By Donella Meadows
–April 6, 1995–
“The appropriation is gone,” said Speaker of the House Newt Gingrich about the Corporation for Public Broadcasting: “The power of the Speaker is the power of recognition, and I will not recognize any proposal that will appropriate money for the CPB.”
Why not? How could anyone begrudge the piddling public support (19 cents of every $1000 we pay in taxes) that helps bring us Bert & Ernie, Ken Burns, Prairie Home Companion, and All Things Considered?
Here is one reason, according to Gingrich: “They’re sitting on very valuable assets. Channel 8 in Atlanta is choice spectrum. Sell that slot to a commercial operation, move PBS to Channel 36, and Georgia Public Broadcasting could live forever on the interest from that trust fund.”
Here is another: “I don’t know why they call it public broadcasting. As far as I am concerned, there’s nothing public about it, it’s an elitist enterprise. Rush Limbaugh is public broadcasting.”
CPB will probably survive. Even if the 16 percent of the CPB budget that comes from the government is “zeroed out,” that amount could be made up with more awful on-air fundraisers and more corporate sponsorships that look increasingly like ads. Money is not the problem here.
The problem is democracy. The problem is politicians of any ideological stripe messing about with the media. Whether it’s Senator Jesse Helms wanting to buy CBS to shut up Dan Rather, or Soviet troops moving in on the Lithuanian TV tower, the first instinct of the authoritarian is to silence any source of information that does not reflect the exact point of view of the authoritarian.
Hence right-wingers say that the media, especially the public media, are left-biased. Why should they pay taxes to subsidize the broadcast of opinions or even facts that they happen to loathe?
To which there are three answers. First, public broadcasting is not biased leftward. Second, even if it were, it would not come close to balancing the overwhelming pro-establishment bias of the commercial networks. Third, the essence of democracy is the assumption that no one point of view has a handle on Truth, that collectively we move toward Truth only by listening to and learning from people with whom we disagree, and that the role of the media is to transmit all ideas, and most especially ideas that people in power don’t like.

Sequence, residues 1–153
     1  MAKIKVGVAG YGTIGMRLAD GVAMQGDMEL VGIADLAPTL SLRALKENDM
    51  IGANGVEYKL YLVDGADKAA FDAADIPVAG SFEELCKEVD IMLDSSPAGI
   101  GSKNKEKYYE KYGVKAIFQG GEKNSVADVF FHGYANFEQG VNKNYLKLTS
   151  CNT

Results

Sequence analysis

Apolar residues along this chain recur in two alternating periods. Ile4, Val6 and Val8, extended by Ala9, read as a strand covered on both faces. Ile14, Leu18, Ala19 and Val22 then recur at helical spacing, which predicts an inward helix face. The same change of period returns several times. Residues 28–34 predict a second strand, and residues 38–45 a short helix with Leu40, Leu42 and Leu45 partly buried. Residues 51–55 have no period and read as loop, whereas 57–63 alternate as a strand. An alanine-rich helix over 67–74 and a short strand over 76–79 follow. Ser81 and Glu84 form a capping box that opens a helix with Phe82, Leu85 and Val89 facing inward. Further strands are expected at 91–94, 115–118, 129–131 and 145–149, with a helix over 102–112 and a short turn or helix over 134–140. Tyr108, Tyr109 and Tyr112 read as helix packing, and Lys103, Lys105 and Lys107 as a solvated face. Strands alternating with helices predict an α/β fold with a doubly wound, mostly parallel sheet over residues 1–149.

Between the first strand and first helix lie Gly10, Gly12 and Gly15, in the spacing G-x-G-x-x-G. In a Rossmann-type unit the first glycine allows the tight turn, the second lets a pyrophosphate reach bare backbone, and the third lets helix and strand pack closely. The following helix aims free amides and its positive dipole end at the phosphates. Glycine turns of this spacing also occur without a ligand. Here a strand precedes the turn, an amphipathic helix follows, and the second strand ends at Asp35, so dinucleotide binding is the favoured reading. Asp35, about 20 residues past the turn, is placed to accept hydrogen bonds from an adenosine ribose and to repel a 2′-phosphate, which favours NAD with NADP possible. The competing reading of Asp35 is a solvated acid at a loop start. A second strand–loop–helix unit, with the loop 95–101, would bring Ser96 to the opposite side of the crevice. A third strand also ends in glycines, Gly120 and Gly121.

To those who live in Maine, the whole nation appears to be west. To those who dwell far to the right, all the media seem left. To those on the left, of course, commercial and even public broadcasting look like conservative pabulum. The airwaves carry the voices of business, money, and power, not the voices of labor, community, small farmers, grassroots environmentalists, the poor, the powerless. We hear whites more than blacks, men more than women, and the radical right “balanced” with the mild middle-left.
The left would say money is taken from us twice over to subsidize the commercial networks. First, every time we buy a product we pay for the ads that brainwash us. Second, those ads are deducted as a business expense, shifting the tax burden away from corporations and onto us. Put a stiff tax on ads, they would say, rent 50 percent of the broadcast spectrum to the highest commercial bidders, use the money to support three or four CPBs, give the rest of the dial and a few newspaper-sized printing presses to labor, environmental, community, minority, and other voices that can’t afford to buy their way into the public discourse, and then, finally, we’ll have unbiased media.
In the early days of radio, the system worked that way. Farmers, workers, towns, churches, universities, and a wide variety of other nonprofit organizations sprouted their own stations. Then the government stepped in to prevent overlapping broadcast bands. Then the growing commercial networks of CBS and NBC got to the government. In 1928 the Federal Radio Commission called the nonprofit stations “propaganda,” as opposed to the “general service” commercial stations — and since then the spectrum available to nonprofits has narrowed, and so has the range of information we hear.
The Newtsies want, quite openly, to complete the job, to reallocate not only Channel 8 in Atlanta, but all the public broadcasting channels to commercial owners. Gingrich is quite clear about how he wants those owners to behave. In a meeting with corporate executives last month, he warned them about “socialist” newspaper editorial boards and told them to stop advertising in newspapers that do not endorse their views. The same, presumably, goes for sponsors of commercial radio and TV.
That is political censorship. Whether it comes from the right, the left, or the corporations, it is dictatorship. It is free speech only for those with money. It is the final blow to democratic debate, which is already nearly gone in this country. And, strangely, it’s a backhanded admission of weakness on the part of the censors. There can be only one reason to want to shut out every point of view but your own. It must be because you know, though you may never admit it even to yourself, that your point of view can’t stand up to the competition.
Copyright Sustainability Institute 1995